Interview with the brazilian director Ulisses da Motta Costa

Interview with the brazilian director Ulisses da Motta Costa

DVD horror extreme TetroVideo

ulissesInterview with the brazilian filmmaker Ulisses da Motta Costa who directed Kassandra, the black-and-white short film premiered at the 41st International Film Festival of Gramado (2013) in the section Curta – metragem Gaúcho as Best Cinematography.
Ulisses talks us about his works, passions, crowdfunding and future projects.

L: Hello Ulisses, tell us about yourself. Where did you grow up? What’s your background? When and what made you get into filmmaking?

U: I’ll try to be as brief as possible: I was born and raised in South Brazil, in the countryside. I lived in a small farm until the age of 22, in a small town called Montenegro, in the State of Rio Grande do Sul. As most Brazilians, I’m a result of a very special miscegenation, so I’m part Portuguese, part Spanish, part Arab, part Guarani, part German, part French and, of course, part Italian! An entire part of my family still uses the last name of our Italian ancestor, Manfredini.
Anyway, about filmmaking: my favorite play as a child was to imagine movies inside my head. There was an old cinema in the town, but it was far from home and I went there only a few times in my childhood. So, when my mother finally got money to buy a VCR, in the early 90’s, I began to watch every movie I could. Didn’t take much time for me to decide that I would have been a movie director, which was a problem back then: the Brazilian cinema production was living its worst crisis ever, with only one feature film released per year. People used to say at that time that our cinematography was almost dead. The only universities with Bachelor’s degree in Film and Television were in Rio de Janeiro e São Paulo, over 1.000 kilometers away from where I lived.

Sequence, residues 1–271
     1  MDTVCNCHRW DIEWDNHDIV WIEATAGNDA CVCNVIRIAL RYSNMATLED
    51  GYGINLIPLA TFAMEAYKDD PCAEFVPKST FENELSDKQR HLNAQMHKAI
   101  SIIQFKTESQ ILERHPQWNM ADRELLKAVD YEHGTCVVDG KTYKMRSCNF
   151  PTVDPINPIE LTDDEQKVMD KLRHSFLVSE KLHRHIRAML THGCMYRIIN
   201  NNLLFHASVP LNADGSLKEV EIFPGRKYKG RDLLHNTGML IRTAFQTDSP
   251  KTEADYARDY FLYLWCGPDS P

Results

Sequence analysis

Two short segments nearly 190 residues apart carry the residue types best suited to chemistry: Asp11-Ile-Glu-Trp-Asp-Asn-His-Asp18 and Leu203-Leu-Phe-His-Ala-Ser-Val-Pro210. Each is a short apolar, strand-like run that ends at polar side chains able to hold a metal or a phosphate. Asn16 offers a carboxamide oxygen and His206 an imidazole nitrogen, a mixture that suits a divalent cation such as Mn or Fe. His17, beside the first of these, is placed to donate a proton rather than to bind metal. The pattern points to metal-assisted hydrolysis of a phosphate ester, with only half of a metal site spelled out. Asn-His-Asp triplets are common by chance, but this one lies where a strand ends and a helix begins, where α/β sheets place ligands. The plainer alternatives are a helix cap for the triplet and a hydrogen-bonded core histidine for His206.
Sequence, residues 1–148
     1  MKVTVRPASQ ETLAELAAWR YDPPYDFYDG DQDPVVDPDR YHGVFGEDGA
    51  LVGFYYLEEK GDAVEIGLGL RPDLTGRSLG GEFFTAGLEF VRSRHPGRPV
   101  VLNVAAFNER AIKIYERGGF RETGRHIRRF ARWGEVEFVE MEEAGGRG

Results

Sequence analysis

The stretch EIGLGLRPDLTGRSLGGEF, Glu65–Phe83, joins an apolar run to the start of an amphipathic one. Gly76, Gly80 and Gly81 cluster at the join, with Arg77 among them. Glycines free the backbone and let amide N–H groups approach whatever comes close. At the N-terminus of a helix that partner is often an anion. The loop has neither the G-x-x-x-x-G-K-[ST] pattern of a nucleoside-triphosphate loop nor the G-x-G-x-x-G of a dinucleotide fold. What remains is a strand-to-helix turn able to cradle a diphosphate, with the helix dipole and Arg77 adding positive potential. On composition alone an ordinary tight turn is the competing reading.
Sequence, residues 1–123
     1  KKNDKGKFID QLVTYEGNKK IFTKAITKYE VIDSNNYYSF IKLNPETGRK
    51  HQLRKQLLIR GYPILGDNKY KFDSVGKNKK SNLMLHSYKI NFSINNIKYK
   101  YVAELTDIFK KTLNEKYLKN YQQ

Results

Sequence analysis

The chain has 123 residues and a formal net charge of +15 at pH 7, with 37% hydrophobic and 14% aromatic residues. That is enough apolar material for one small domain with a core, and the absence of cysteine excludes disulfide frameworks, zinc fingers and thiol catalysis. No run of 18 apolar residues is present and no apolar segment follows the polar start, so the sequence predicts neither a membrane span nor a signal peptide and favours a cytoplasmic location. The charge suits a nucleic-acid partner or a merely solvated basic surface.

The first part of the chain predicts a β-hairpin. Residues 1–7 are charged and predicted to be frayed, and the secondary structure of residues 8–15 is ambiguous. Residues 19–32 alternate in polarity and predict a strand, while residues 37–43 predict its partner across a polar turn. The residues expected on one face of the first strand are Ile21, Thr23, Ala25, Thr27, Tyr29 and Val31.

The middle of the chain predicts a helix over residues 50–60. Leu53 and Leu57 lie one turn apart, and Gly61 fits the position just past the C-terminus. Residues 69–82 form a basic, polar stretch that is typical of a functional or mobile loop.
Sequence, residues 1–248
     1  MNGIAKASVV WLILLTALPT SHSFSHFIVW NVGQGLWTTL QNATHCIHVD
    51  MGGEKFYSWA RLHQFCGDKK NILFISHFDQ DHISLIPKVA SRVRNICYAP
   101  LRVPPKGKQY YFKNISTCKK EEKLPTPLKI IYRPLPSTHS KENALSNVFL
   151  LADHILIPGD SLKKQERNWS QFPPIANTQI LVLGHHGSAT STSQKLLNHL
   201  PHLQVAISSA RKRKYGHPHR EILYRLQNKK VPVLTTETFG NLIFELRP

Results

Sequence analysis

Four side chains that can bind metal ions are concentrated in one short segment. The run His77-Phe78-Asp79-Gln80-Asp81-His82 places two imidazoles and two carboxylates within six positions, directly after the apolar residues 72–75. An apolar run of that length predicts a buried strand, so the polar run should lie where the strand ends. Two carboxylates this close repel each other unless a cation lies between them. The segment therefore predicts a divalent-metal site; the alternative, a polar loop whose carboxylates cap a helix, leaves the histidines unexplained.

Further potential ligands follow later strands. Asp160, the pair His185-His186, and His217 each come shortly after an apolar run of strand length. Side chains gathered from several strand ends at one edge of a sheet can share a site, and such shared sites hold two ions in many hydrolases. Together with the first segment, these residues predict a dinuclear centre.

So, I had to wait to be a grownup; wait to move to São Leopoldo, a bigger city near the State capital; wait until cinema production increased again in Brazil; wait for the digital cameras arrived in the industry to finally, in 2004, with 25 years old, I started to produce my first short film, O Gritador. And yet this 15-minute-long movie took almost three years to be completed! But since then, I always worked with cinema, sometimes as film critic, sometimes as cinema teacher, sometimes as producer, director and writer in small projects.

kassandra1 L: You’re Kassandra’s Director, a horror short movie in black-and-white. Did you make this film for yourself or for an audience in mind while writing it?

U: I think that we always make the films we’d like to see. Nobody will dedicate days, months, years to make something that don’t want to watch, I guess. But I also believe that the movies you create are a sort of self-purge, or at least a self-fantasy. The movies are either a representation of how the world should be or an intense therapy. Kassandra is a movie of the second kind. But, in the moment I decide that I’m going to make a movie, I think about the audience. We use a lot a Portuguese word, “espectador”, which means only one person in the audience. Someone you don’t know, a faceless man or woman. I like to think that this particular person wants just to be part of a story, whatever if this story is short or epic. So, I want that the “espectador” goes along with the characters and the story we are telling. Even if it’s a difficult story.
And I always wanted to work with black-and-white. When the idea for the film erupted in my brains, it was already without color. Since the beginning it was a story to be told only with light and shadows.